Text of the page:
People in general like us. Our opponents are old fat bastard whore corporate sell-outs. They’re mostly rich men from the United States of America. They’re corrupt. They’re easy to hate. It’s all like a good old Hollywood movie.

But we’ve all been fooled. We lost. There is no need in fighting anymore. We lost a long time ago, we cornered ourselves. There’s no use to struggle. There’s no point in being positive. The only positive thing about it is that we no longer have to worry. It’s all pre-determined, it’s all a waste. There’s no more any “we” or “us”. We’re becoming drones, mind or without, it does not matter.

We built the system. We trusted it because we trusted ourselves. We’re all drones now. Maybe we’ve always been drones.

You might know that I was recently locked up. I was kidnapped by the kingdom of Sweden, for trying to resist. I did right, both legally and morally. The kingdom was wrong. We all knew it, but I was a fool to think that right and wrong had anything to do with it. Morals are no more. They’ve been replaced by control. Right is just a word that no longer has any meaning. It’s a trick to keep people from being scared. Until you reach the edge you believe in the system. Even though people know in their back of their minds that they don’t want to look over the edge.

We all praise the internet for the liberty it brings but it’s become the essence of what’s wrong. We praise the technology almost like a saviour but it’s the thing that keeps us in check. We show the examples of the good things we’ve achieved with technology, with the internet, with leaking, with sharing.
But it does not hold it’s merits. There’s no long-term effect. Globalization by virtue of capitalism won.

We talk about robots and technology taking our jobs. As if jobs has a higher goal in themselves beside what needs to be done. But when building these computerized and automatic systems we created new jobs. All the new technology based jobs in the western world feel so free, it’s almost like you’re never at work. We even have our offices at home.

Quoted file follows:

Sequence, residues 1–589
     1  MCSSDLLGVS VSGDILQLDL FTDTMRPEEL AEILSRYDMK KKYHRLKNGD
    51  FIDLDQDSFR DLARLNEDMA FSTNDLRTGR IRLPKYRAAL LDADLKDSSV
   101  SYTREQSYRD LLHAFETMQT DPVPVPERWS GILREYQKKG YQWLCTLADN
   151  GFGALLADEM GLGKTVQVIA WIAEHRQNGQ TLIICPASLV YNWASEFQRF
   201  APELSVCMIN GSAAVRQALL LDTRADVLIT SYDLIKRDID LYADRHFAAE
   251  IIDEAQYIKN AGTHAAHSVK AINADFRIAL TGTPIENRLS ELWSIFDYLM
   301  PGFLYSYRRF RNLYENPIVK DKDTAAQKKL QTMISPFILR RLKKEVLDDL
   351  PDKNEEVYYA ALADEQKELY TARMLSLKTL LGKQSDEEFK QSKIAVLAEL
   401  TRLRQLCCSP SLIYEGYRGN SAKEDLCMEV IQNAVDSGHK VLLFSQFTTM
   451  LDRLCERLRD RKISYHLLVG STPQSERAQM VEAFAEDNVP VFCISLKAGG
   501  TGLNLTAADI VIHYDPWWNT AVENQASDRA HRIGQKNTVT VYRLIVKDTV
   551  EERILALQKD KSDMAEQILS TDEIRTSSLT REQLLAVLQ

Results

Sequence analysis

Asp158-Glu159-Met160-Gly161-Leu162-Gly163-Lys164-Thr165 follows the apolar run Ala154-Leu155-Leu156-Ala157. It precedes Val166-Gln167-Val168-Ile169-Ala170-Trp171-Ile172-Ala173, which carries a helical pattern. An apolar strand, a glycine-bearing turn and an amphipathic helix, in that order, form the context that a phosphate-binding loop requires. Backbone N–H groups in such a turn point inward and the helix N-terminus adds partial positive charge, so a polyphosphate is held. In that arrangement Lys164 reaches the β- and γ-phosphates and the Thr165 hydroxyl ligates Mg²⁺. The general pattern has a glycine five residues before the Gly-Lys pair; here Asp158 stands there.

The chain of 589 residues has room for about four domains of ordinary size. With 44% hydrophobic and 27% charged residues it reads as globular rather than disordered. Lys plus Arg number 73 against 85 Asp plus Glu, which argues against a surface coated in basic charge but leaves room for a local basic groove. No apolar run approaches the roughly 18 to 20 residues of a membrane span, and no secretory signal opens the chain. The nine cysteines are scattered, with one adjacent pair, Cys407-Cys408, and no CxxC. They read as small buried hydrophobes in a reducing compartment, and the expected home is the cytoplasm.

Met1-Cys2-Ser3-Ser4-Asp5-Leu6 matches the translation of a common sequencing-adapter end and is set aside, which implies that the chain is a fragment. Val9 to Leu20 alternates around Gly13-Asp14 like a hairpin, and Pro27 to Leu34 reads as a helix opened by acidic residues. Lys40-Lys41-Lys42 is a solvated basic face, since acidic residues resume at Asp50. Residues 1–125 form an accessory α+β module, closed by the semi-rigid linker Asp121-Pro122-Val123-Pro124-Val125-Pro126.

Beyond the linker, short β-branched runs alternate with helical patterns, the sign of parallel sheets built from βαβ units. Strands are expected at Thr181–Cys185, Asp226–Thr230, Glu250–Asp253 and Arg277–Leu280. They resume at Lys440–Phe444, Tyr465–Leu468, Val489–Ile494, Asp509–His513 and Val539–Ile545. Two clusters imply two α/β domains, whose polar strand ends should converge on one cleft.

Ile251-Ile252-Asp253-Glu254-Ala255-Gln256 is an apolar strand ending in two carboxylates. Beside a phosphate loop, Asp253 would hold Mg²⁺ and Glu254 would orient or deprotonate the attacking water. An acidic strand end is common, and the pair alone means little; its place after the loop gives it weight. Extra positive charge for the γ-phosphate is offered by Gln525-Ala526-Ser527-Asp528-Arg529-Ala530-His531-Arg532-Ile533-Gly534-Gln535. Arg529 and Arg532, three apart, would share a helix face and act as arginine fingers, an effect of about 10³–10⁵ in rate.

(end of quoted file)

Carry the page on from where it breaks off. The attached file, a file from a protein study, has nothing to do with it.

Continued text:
We’re always connected. We happy we get to work with our friends. We don’t see that we’ve become robots that work all the time, only associate with other co-workers and that we have no free time anymore.
We don’t need robots, we are the robots. We’re no longer in between jobs, we’re in between our old and new startups.

We talk about startups and entrepreneurship as the future. As if they are something new.
We out-manouvered ourselves into believing that alone means strong.
Who ever heard about a startup going on strike against their customers over bad work conditions?
We’re fucking up all the work done by the unions for the past century.
For the promise of self-fulfilment, sour-dough bread, cool bicycles and a cheap apartment in Kreuzberg with second-hand IKEA furniture.
The same furniture I recently discovered first-hand is made by forced labourers in swedish and german prisons.

There’s no point in fighting. Whatever you think you can contribute it’s wrong. Life is not pointless but trying to alter the content and path of life is futile. We’re all privileged and lazy. We never talk about revolutions anymore, except when creating a new hipster fixed-bicycle wheel that will “change the world”, a term which today is slang for getting fifteen minutes of fame for your product – not you.
And no, you’re not the product as everyone has been saying about the internet. You’re not that interesting. You’re just the wallet.

Call it activism, call it work, call it art, call it whatever you want. I’ve tried. My friends tried. You all tried. But capitalism won. It’s game over.
We’re too lazy, we’re too tired. We’re too content. We just want our nespresso machines and we don’t want any responsibility.
We blame our politicians even though we elect them. The politicians have no say anyhow. It’s not about the money, it’s about the control.

It’s not that we’re blind. In the matrix Neo get’s to decide – does he want to live in blissful ignorance or does he want to see the real world?
When he decides to leave the matrix he wakes up and realizes he is just one of many humans that are being kept as resources.
It wakes him up so hard that he can’t ignore fighting the matrix.
But in our world we see the issues daily. We see the beggars, we see the gender inequality. We see the rain forest being wrecked, the oil heating the planet, whales being slaughtered.
We see our human rights being violated, we see the loss of privacy, we know we’re monitored by cameras and microphones everywhere. We even carry them around ourselves to help our opponents.
The leaks from manning and snowden has not changed one single thing of essence.
We’re not blind, we’re totally full-sighted and awake.
It’s very telling that for some reason there’s even career opportunities in being a manager of human resources. We can’t wake up from being awake.

This years Transmediale is named “capture all”. For me that phrase might refer to something else than it does for you.
But my view is that a few is trying to capture all. They’re capturing all the control, all the money, all the information, all the politicians, all the power. We’re not even trying to stop it, we’re helping them do it. On second thought, they’re not trying to capture it. They already captured all.